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  • Writer's pictureAshton Blyth

Unit 1 Assessment

A brief introduction…

My name is Ashton Blyth, I’m 23, I have always loved space, dinosaurs too, and I’m a big Harry Potter nerd… I’m also a transgender man.

Definitive Times is a project I have wanted to pursue for a while, it is my personal story of transitioning from female to male – the key moments over the last five and a half years that create the timeline of this life-changing journey for me and my family.

The film will depict moments of pure happiness, joy like I had never felt before, and some of the very darkest times in my life. I’ve had to force myself to be vulnerable and feel exposed just writing down how some of these moments affected me, but if in doing so I can help just one other person on their transition journey, or aid understanding in their support system, then it will have been worth it.

Turning the film into a rotoscoped animation, it has allowed me to take a step away from being the subject and protect myself from the traumatic times of my life. This animation method allows an audience to connect with the film on an emotional level due to the photorealism, but also project themselves onto the subjects because they are not looking directly at the real people, or at the real memory, they are seeing it through a lens that I control.

LO1: Formulate, describe and implement a challenging and self-directed programme of study, relating to your Study Statement. (AC Enquiry)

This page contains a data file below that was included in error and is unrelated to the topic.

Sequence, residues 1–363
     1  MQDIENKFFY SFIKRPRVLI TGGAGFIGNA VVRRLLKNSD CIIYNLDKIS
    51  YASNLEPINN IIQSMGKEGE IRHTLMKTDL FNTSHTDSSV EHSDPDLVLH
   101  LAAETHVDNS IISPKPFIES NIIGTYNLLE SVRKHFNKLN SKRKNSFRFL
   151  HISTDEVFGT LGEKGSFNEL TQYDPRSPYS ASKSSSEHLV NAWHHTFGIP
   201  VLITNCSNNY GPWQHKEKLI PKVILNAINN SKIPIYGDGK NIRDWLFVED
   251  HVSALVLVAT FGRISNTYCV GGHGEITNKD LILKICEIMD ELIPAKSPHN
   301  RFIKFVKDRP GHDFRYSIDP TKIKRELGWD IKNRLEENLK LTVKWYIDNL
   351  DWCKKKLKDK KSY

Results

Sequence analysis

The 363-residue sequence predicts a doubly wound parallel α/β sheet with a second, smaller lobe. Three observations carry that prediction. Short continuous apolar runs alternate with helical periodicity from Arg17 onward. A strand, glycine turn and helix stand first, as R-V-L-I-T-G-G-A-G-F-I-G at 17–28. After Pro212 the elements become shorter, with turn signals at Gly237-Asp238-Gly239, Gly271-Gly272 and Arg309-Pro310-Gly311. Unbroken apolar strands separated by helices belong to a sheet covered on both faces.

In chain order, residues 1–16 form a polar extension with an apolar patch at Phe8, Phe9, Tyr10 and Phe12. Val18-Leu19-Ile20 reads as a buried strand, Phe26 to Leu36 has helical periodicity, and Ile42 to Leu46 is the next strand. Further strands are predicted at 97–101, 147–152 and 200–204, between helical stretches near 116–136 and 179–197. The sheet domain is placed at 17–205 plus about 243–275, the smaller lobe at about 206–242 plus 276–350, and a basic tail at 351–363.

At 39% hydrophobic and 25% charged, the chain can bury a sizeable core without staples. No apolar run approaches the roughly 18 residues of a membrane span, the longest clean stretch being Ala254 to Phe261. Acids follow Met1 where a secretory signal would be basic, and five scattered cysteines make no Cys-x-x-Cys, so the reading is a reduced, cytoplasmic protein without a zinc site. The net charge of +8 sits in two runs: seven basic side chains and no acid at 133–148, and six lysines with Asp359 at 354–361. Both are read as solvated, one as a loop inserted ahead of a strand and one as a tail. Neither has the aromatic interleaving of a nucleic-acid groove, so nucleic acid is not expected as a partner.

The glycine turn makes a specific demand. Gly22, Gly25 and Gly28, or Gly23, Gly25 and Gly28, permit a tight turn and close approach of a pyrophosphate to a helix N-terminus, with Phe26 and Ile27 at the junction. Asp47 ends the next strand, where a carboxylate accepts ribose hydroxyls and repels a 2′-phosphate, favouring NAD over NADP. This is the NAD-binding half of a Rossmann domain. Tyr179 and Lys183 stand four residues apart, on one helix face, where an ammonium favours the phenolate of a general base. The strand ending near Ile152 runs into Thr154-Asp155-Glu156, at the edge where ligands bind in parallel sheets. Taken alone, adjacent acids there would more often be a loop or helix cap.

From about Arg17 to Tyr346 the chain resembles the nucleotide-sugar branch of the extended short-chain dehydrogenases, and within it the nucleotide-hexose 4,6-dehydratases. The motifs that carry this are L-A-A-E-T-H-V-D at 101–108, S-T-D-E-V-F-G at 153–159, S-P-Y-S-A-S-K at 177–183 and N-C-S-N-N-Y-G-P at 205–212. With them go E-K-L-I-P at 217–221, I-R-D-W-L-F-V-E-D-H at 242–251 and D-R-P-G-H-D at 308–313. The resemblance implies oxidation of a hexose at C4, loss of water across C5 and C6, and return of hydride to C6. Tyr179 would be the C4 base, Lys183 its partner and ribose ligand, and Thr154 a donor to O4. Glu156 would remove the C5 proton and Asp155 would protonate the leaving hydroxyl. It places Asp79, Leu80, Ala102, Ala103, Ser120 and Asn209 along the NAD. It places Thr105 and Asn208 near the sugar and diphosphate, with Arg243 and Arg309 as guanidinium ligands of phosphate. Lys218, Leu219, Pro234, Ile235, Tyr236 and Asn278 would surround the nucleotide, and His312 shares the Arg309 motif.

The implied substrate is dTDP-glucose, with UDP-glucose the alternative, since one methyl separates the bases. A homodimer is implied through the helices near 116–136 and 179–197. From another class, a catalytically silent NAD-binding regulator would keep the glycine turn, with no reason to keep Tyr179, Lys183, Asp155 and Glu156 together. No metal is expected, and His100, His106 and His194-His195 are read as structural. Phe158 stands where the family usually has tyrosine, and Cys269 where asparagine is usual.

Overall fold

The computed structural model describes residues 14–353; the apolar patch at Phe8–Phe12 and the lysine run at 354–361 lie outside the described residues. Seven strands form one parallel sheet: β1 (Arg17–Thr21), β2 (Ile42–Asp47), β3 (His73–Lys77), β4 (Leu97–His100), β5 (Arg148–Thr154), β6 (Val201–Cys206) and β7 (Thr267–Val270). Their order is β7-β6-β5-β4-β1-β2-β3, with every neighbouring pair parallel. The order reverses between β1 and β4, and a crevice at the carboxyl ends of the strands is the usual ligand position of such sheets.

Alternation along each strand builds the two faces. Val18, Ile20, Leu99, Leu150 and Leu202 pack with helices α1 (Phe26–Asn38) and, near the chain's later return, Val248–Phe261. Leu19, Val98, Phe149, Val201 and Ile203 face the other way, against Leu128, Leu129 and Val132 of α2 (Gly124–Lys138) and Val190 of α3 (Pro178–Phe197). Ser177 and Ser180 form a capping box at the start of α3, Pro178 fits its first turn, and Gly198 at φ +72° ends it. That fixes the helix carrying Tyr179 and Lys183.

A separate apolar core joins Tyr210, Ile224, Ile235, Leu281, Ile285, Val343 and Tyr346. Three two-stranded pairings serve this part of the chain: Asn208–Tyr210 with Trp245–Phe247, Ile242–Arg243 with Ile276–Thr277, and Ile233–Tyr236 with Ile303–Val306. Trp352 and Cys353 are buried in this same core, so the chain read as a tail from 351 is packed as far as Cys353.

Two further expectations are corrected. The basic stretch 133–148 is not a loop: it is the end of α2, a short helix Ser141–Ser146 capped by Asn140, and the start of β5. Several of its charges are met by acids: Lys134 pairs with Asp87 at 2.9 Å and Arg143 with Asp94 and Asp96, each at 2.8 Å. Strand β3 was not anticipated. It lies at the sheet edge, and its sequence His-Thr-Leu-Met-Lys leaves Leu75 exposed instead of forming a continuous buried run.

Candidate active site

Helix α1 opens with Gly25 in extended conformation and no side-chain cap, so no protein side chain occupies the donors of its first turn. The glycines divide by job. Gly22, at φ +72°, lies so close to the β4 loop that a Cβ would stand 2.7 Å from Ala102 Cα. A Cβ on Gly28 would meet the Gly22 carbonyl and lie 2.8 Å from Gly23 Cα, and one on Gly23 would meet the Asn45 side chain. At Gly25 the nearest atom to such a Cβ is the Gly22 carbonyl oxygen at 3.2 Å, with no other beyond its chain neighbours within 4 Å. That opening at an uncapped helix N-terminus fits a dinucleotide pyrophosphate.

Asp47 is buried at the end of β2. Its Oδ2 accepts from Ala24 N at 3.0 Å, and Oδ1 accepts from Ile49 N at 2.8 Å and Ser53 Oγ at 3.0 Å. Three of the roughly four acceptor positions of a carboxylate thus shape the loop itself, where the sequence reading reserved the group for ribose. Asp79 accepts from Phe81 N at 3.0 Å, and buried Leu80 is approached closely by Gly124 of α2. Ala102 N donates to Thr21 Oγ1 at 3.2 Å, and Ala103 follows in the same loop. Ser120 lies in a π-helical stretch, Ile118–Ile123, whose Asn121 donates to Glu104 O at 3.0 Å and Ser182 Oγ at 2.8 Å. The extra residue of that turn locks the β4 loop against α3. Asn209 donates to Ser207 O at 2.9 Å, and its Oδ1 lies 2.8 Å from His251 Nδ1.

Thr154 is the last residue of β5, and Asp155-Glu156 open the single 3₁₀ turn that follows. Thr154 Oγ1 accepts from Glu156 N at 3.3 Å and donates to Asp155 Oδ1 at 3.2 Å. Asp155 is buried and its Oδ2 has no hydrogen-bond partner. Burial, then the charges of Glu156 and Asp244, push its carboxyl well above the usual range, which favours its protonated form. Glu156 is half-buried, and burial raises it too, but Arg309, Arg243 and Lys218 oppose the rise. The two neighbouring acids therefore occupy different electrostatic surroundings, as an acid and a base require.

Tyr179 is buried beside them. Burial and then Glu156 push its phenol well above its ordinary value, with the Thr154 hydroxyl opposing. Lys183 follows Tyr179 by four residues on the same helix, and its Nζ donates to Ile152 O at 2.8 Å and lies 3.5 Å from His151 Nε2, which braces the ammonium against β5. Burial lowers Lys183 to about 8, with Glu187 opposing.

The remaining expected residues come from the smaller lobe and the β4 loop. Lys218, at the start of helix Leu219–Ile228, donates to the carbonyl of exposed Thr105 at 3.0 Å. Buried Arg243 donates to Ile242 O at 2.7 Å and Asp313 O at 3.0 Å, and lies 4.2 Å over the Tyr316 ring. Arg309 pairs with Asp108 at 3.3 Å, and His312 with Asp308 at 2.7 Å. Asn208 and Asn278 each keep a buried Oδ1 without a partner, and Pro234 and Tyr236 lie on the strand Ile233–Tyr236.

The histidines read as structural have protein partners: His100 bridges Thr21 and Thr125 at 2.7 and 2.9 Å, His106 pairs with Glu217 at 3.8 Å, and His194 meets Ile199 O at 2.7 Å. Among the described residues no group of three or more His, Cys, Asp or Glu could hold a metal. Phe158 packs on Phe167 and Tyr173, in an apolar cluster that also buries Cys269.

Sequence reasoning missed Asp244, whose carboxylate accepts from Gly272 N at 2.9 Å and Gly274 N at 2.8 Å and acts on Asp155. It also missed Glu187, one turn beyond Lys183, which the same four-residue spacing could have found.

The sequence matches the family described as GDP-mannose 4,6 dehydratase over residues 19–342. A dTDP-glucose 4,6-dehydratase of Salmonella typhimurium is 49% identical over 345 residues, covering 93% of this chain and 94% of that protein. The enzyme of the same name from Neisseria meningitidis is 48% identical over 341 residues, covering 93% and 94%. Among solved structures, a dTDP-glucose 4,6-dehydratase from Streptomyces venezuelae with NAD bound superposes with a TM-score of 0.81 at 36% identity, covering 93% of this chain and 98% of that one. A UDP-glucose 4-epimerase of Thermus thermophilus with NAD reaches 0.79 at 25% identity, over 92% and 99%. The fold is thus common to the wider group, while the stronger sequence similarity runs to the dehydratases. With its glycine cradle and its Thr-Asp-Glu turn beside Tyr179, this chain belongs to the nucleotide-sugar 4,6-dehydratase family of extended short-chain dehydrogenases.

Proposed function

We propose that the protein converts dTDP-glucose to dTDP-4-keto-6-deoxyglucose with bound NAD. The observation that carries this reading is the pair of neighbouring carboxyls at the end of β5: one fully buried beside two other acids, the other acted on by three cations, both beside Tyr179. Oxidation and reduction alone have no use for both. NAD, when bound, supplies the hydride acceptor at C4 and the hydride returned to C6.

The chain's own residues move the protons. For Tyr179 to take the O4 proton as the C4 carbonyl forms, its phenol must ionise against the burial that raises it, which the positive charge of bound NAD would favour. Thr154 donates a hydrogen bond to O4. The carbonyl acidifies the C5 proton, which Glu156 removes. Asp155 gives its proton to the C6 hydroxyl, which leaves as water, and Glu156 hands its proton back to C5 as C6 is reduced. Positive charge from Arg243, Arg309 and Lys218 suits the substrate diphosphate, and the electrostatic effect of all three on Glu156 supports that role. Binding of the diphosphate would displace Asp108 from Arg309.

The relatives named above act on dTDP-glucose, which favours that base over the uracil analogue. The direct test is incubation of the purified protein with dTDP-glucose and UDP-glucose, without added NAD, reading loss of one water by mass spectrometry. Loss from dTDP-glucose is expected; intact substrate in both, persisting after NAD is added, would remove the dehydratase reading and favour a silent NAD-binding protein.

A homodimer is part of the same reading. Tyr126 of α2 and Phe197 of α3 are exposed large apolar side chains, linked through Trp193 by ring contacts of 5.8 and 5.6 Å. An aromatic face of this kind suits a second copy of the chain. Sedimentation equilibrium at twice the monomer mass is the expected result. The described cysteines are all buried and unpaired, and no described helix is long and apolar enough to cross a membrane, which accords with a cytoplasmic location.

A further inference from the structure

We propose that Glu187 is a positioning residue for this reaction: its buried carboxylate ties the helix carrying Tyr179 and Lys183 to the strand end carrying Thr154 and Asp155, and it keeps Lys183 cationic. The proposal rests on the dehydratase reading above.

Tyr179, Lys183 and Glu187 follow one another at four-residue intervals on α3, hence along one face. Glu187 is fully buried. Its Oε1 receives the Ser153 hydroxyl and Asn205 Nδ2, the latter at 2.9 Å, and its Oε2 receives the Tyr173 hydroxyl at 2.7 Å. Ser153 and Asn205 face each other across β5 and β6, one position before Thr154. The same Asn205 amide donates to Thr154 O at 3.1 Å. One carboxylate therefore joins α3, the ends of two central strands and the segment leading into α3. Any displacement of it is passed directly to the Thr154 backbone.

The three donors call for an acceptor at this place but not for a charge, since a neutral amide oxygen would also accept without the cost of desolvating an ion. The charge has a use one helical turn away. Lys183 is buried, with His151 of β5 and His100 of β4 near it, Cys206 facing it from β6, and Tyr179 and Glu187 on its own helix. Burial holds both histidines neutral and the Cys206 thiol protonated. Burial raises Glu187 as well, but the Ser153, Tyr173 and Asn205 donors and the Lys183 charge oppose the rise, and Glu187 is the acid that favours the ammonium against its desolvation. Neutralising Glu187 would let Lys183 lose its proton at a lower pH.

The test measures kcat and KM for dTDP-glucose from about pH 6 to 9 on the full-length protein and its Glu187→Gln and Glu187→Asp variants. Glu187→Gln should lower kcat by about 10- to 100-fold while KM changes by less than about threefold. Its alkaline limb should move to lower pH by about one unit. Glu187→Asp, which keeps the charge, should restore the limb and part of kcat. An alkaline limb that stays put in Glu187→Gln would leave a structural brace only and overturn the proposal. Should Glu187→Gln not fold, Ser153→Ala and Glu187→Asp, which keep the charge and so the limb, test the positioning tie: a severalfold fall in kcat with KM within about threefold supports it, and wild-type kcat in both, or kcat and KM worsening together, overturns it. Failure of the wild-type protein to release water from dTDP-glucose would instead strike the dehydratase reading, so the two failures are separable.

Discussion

The study statement allowed me to lay out exactly what I wanted to achieve and how to do so: to discover my own defining moments and to share these through art. In developing a deeper understanding my own journey of discovery I hoped to transcribe it into a format an audience could connect with, and ultimately create a film which will be of help to those transitioning, as well as their support network, on their own journey.

Following my initial objectives, I began by going back through all footage of myself captured on the family cameras over the years, as well as mobile phones in more recent years. Each time I came across a video I would copy it into a folder for that year, and when this process was complete I looked through those videos to see what inspiration came from them and whether they were valid for inclusion in this project.

One of my seminal breakthroughs in the structuring of this project was sitting down and telling myself to write a list of anything and everything that I believe could have led to me coming out as transgender and asking my parents to contribute to that list. This meant I was able to review the list and create a rough outline of the whole film.

From there, I was able to edit and shape my storyboard into what it is now. Where before the storyboard felt like an afterthought to me chopping and editing footage together in Adobe PremierePro, essentially being a means of me noting what order I had done that in, it then became the preface of the film.

I started to plan out every scene of the film, using the storyboard to allow me to see what came before/after and whether the scenes consecutively worked. I could review a chapter as a whole and see whether it felt like too big a leap to the next chapter, if I therefore needed to consider adding something more in, or if it flowed for the overall story.

The study statement has undergone slight revisions since the start of the course, including a change of name, and a full work plan has been created. I have also added in that the project aims to help those understanding their own defining moments, as well as the friends and family supporting them.

LO2: Implement appropriate working methods for building an independent and effective self-organisation that enables the critical engagement with practice-based research. (AC Process)